“A bad plan is better than having no plan at all” – Mikhail Tchigorin
Well, I’m student of Chartered Accountancy at Mumbai. I recently cleared the CA-IPCC (November 2012). I’d like to share with you guys about an important aspect of our Study preparations we often tend to ignore while aiming for success in our exams. Personally, I’ve never been too bright a student all my life. I used to balance out my marks in the class by the ‘law of averages’. Now, as the result for the November 2012 IPCC came out couple of months back, I was struck by the fact that many of my friends, despite being incredibly good at their studies all their life, failed to clear the exams. A part of my surprise stemmed out of the fact that most of them managed to complete most of their papers in time, while I always lagged behind, and consequently they seemed better prepared. So, the question remains, why despite all their hard work, all their knowledge, all their speed, didn’t they clear?
When I ask this to most of my peers, they are like Mate, it’s a different ball game. I’d prefer to reason this out. I believe that most of the problems we face in our exams and consequently, our results are simply a result of lack of a plan…, a strategy. We often come across many interviews of successful toppers who stress the importance of having a strategy in place while studying. There’s a grain of truth there, and I can attest that. We aren’t talking about topping the exams, but customizing their thoughts and plans as per our strengths and weaknesses certainly assures us a fairly good performance.
Being a Chess Player, I certainly understand the validity of having a plan in place, whatever we are doing. It doesn’t really matter that whatever we may have in our minds may not be the right one. However, as Mikhail Tcigorin aptly pointed out, it certainly is better than having no plan at all!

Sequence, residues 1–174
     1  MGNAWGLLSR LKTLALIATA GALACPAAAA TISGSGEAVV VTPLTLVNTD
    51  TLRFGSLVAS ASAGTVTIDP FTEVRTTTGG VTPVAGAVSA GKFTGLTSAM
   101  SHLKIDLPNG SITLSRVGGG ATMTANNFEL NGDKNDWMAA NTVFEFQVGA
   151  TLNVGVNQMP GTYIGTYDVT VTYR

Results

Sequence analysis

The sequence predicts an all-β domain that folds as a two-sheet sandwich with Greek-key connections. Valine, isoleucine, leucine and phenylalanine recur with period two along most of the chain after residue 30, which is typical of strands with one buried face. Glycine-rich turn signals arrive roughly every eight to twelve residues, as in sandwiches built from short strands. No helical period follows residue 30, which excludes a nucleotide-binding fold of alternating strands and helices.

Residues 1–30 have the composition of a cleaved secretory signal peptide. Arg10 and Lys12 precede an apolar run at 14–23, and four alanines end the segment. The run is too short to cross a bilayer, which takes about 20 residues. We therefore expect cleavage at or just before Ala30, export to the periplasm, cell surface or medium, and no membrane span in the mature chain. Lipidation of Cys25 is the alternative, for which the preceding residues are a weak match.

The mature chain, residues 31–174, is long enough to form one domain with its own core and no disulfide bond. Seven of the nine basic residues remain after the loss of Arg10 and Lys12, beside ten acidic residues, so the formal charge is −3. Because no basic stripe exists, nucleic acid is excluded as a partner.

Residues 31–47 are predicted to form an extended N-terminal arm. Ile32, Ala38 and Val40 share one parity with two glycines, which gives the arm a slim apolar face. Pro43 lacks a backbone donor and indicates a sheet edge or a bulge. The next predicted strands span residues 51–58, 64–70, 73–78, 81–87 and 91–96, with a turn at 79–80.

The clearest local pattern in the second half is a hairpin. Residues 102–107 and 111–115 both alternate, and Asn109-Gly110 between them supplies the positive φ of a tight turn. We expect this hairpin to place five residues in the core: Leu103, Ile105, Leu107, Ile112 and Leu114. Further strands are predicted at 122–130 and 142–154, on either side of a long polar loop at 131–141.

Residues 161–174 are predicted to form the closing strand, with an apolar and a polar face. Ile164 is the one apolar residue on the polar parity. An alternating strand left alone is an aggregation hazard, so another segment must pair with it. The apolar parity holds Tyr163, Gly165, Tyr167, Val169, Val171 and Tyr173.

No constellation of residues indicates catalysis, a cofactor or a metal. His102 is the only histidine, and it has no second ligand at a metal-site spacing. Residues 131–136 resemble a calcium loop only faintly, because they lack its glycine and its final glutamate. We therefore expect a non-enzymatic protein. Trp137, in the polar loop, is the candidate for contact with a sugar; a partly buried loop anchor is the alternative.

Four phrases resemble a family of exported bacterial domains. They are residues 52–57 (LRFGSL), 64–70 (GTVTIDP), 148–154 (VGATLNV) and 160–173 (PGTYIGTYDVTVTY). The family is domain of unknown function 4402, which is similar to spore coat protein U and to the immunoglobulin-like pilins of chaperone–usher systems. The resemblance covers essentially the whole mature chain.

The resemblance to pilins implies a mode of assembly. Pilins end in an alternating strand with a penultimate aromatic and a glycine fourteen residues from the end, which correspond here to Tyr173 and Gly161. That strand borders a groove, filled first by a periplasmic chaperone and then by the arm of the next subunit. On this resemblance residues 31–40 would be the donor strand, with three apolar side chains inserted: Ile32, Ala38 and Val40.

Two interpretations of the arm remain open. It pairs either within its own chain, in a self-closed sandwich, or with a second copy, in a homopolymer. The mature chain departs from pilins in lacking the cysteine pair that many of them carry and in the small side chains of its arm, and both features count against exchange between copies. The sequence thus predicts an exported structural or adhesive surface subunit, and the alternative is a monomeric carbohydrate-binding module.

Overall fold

“Once we accept our limits, we go beyond them” – Albert Einstien
Personally, as I said, I wasn’t that bright a student with just 60% in HSC and 105 in CA-CPT. Well, before the IPCC exams, it never exactly felt sweet whenever someone asked me about my academic record for, it almost invariably turned out that they had scored much more in CPT and invariably in HSC too. So, I reasoned that I need some plan of sorts to overcome my deficits and clear my exams. I came across many strategies enumerated by the esteemed toppers, but I realized that they simply weren’t my cup of tea. I had my own limitations and it was not possible to cover such a vast subject in such a short time span as I knew it was way above my limit. I needed something that was within my limits. My aim wasn’t to Top the exam, but just clear it in One straight attempt (Both Groups).
I did a SWOT analysis. I realized that I was well off with the subject Accounting, although I hated Math. Besides, it’s common knowledge that Accountancy is one subject where we can score heavily provided we are accurate! I wasn’t really bad with the other subjects, but I had my own weaknesses. That coupled with my willingness to iron out my faults signified the Opportunities I had to be a better performer. I decided to play on my Strengths. I decided that since Accounting in both the groups together accounted for 200 marks of our total marks, I concentrated to score the maximum marks in this particular subject and devote just enough strengths in other subject as is necessary to shore up my total marks. This, simply put, was my Strategy.
Accordingly, I divided my study time as per my plan. For eg. If I schedule an 8 hour/day study day for a week, I devoted 3 hours DAILY for just Accountancy, and did some other subject in the other 5 hours, new subject ever day (for those 5 hours). I struck to this pattern for some 3 months leading to the exam. The result in the exams was exactly as I had planned. I scored 80+ marks in Accounting subjects while scored between 40 & 50 in all others, thus comfortably clearing both the groups, in my very 1st attempt.
Now I know many of my friends here think that clearing the exams comes just naturally (to them). Nevertheless mates, I’m talking about that someone with a as low a % as me. If could do it, in my first attempt, anyone can! I once read about my idol Rahul Dravid that he wasn’t blessed with the natural flair of, say, a Sachin Tendulkar, bit he was the one who quickly understood his limitations and found a way to play within them!
I’m not professing that you follow the exact same plan as I had done. You yourself know where you stand. You yourself are the best judge for yourself! All I ask is that do a SWOT analysis for you and recognize your own Strengths, Weakness, Opportunities and Threats and create a Strategy based on them. Keep faith in your plan for more important than believing in something is simply Belief itself! Your past academic performance doesn’t really matter, it’s what are you NOW which matters!
Thanks for your time. Feedbacks are welcome.
(Myself Priyadarshan Banjan am currently working as an Articled assistant in Virar, outskirts of Mumbai. I plan to come out with a regular series of articles in the near future encompassing various subjects. Your feedbacks stand valuable to me. Thanks in anticipation!)